Your vote for MBTA zoning will help grow affordable housing

April 24, 2024

At Town Meeting, Concord voters can show they care about their community and the housing needs of the region by approving Article 34, a zoning by-law change complying with the MBTA Zoning Act. This new law requires towns to permit multi-family dwellings at a density of 15 units per acre, especially near train stations. Eighty-four acres, less than one-half of one percent of Concord, is being designated to meet this requirement.

AG Campbell’s suit against the town of Milton shows what Concord could lose if Article 34 fails. State permission to be a “fossil fuel free” community depends on meeting affordable housing goals. Concord has many uses for the MCI land, but the state will not cooperate in planning for this asset if we reject MBTA zoning.  

Most important, Concord must do its part to provide more affordable housing. The price of land is so high that only giant homes are built. At a median selling price of $1.2 million (below last year’s median in Concord), annual mortgage payments would be $62,400. Few young people — even two-professional households — have the $240,000 down payment. To house those who work for us, and with us, we must permit some multi-family dwellings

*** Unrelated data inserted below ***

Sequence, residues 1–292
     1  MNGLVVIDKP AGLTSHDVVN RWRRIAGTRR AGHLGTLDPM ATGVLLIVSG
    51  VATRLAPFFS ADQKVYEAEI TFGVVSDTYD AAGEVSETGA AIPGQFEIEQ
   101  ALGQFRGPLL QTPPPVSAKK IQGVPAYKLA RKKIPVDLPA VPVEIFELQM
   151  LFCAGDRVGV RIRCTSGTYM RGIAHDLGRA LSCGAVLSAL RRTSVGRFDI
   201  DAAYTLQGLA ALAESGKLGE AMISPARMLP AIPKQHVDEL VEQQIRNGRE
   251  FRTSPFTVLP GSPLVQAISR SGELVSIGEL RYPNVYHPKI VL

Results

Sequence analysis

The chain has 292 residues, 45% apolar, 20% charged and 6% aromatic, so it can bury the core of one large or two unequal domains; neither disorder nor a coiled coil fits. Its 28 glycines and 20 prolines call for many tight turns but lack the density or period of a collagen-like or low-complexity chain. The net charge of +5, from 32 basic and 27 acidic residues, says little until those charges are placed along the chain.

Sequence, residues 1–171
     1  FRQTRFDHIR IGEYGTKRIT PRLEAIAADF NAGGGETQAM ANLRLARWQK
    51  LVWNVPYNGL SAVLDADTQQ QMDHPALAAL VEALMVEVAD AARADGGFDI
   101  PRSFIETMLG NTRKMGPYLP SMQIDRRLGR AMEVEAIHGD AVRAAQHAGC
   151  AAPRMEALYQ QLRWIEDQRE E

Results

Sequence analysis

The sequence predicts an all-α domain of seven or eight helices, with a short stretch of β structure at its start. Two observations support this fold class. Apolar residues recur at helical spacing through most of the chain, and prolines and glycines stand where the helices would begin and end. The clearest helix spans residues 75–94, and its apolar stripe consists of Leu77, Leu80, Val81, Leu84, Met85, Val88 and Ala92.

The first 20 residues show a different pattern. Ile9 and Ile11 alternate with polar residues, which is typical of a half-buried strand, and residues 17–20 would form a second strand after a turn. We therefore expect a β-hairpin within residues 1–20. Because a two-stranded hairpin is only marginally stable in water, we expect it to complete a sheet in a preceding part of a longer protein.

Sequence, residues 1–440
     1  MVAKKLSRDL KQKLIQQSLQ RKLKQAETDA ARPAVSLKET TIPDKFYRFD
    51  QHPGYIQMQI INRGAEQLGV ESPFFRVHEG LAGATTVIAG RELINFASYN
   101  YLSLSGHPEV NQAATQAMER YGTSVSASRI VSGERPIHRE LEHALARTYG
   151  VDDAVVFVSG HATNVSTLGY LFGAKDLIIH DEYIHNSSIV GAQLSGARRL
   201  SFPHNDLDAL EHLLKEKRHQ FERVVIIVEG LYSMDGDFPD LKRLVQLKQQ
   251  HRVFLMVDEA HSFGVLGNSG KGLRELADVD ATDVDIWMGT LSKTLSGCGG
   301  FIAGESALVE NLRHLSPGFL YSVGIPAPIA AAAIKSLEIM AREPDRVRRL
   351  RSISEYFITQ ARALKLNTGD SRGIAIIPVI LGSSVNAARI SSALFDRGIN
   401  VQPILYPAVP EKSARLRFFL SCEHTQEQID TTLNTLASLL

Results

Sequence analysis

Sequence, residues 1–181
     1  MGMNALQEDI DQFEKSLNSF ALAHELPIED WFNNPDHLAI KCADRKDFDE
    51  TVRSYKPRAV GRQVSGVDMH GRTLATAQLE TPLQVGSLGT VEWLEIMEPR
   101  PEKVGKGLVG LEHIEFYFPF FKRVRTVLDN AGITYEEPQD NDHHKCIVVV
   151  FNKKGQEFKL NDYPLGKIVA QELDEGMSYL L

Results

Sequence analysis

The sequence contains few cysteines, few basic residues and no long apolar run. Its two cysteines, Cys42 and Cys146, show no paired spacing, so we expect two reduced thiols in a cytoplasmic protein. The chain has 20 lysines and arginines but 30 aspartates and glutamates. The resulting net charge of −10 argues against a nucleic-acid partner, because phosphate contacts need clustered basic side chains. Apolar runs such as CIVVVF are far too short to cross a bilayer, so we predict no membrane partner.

The Planning Board worked hard to designate “MBTA areas” that incorporate existing (Keyes Road condos) and planned (Junction Village, Riverside Commons) multi-family dwellings. Most of the areas are near train stations but do not threaten the “look and feel” of our town. 

“MBTA zoning” will not lead to high-rise apartment buildings. Height limits in the MBTA zones are not increased. Projects can be built at 15 units per acre that go no higher than the current limit. These buildings can fit as neatly into Concord as Everett Gardens and Concord Greene. Nor will the MBTA zones immediately fill with new apartment buildings. Designation as an MBTA zone only means multi-family dwellings may be built. Any transition will be gradual.

Only by approving Article 34 can Concord be a diverse community. The economics of single-family homes mean that new residents are priced out of town. Fifty years ago, young engineers in the tech industry could buy a starter home in Concord and raise a family. Those with similar jobs today cannot. To achieve the diversity which Concord cherishes — homes for nurses, school employees, retail workers and downsizing elders — multi-family housing is our best option. Please vote yes on Article 34.

Frank (Rich) Feeley

President, Concord Housing Foundation